By SHIRLEY ALVAREZ
On March 17, Agriculture Secretary Tom Vilsack appeared at Teachers College at Columbia University to talk about the impact of Covid the United States agriculture industry, and how the U.S. Department of Agriculture is working to provide Americans with the best nutrition.
During the COVID-19 pandemic, restaurants and schools, the USDA itself, and many places where food was prepared and served, were shut down. “It caused a major disruption in the food and agriculture industry and business. Millions of people are in this business and are dependent on this for their livelihood,” said Vilsack.
The New York State Restaurant Association reported that one in six restaurants statewide closed permanently due to COVID-19.
Vilsack remarked on the USDA’s extraordinary efforts to relieve many families from food insecurity during the pandemic. ” For the first time in 45 years, we provided an improvement and increase in the SNAP benefit above and beyond inflation,” he said, referring to the federal Supplemental Nutrition Assistance Program. “We extended waivers in schools so that they can do grab-and-go meals.”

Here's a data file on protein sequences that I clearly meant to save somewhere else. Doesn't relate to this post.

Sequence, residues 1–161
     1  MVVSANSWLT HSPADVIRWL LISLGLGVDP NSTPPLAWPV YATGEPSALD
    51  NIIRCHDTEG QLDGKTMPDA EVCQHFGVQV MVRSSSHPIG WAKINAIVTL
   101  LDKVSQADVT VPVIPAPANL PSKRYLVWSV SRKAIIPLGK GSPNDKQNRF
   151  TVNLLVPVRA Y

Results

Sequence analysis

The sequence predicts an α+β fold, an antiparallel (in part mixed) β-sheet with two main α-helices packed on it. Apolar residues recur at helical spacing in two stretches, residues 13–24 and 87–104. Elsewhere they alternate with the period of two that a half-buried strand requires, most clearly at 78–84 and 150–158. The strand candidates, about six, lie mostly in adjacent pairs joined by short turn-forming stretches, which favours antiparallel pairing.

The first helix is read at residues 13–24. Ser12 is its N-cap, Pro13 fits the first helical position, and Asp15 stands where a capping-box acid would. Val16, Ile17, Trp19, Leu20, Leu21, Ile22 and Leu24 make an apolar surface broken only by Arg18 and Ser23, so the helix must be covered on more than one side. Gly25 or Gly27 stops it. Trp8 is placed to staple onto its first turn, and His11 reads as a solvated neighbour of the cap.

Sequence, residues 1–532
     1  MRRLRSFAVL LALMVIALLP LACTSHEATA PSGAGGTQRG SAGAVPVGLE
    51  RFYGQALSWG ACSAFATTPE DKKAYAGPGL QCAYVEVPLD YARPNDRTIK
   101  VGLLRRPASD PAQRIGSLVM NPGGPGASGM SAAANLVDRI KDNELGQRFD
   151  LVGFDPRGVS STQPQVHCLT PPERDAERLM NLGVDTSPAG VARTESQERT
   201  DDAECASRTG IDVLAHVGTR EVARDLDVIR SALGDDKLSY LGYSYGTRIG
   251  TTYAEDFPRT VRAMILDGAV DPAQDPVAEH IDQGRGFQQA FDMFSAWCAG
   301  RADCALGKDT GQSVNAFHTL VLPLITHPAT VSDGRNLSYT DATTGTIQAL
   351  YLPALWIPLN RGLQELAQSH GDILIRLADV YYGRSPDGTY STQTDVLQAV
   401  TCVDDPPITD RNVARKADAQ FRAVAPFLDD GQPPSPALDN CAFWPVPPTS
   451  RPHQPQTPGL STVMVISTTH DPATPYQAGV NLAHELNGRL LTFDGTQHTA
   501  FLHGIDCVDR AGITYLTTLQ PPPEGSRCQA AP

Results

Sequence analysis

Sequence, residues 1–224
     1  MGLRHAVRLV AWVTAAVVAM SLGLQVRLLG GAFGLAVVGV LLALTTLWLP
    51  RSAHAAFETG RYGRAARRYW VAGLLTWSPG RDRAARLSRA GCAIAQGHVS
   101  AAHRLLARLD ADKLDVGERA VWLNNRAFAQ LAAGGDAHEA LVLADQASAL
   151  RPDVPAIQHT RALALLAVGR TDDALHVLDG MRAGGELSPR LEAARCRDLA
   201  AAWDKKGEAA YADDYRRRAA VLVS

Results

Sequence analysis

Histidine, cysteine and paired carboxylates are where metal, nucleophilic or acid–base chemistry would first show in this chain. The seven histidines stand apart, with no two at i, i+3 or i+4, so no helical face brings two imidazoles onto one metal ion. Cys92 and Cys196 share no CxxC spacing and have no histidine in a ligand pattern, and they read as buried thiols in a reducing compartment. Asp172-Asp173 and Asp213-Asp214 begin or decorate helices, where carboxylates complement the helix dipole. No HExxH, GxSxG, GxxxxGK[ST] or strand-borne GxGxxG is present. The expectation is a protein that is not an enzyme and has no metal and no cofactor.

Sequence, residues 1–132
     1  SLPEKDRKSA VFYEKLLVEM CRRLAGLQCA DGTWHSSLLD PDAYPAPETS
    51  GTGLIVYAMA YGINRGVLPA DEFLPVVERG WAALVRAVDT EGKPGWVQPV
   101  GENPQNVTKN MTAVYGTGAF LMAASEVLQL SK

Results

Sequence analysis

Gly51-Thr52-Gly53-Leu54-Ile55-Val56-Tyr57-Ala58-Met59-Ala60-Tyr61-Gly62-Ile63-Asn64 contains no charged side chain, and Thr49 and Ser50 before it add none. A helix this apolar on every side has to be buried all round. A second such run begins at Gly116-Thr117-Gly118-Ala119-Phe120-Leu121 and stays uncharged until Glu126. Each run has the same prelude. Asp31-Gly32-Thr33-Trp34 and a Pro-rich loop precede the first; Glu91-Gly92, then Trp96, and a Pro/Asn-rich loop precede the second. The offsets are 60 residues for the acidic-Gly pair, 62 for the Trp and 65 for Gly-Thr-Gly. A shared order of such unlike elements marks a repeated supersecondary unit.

Although these programs help many families in the United States, who ensures SNAP recipients make healthy choices when shopping for groceries? Vilsack doesn’t know the answer, and that’s why he believes nutritional security is just as important as food security. “A consistent access to food that’s obviously healthy as well and affordable,” said Vilsack.
He described nutrition security as a “big, tall task that we need to undertake.” Vilsack continued, “We have learned during this pandemic the linkage between nutrition security and health.”
Vilsack said two-thirds of the COVID-19 related hospitalizations have been related to obesity, diabetes, hypertension and heart failure. “These are all diet-related conditions,” said Vilsack.
According to the Center for Disease Control and Prevention, obesity prevalence was 42.4% in 2017- 2018, and 11.3 percent of the US population has diabetes.
Vilsack believes that nutrition education should start at an early age because over time adjusting to a healthier diet can be difficult. “We started late with broccoli in my family. We’re still not there with my 48 year old, older son,” said Vilsack.
To promote this initiative, the USDA has launched several projects such as The Emergency Food Assistance Program (TEFAP) plan, in which they plan to invest, according to Vilsack, tens of millions of dollars. The USDA has also put $100 million in the American rescue plan to support food banks around America.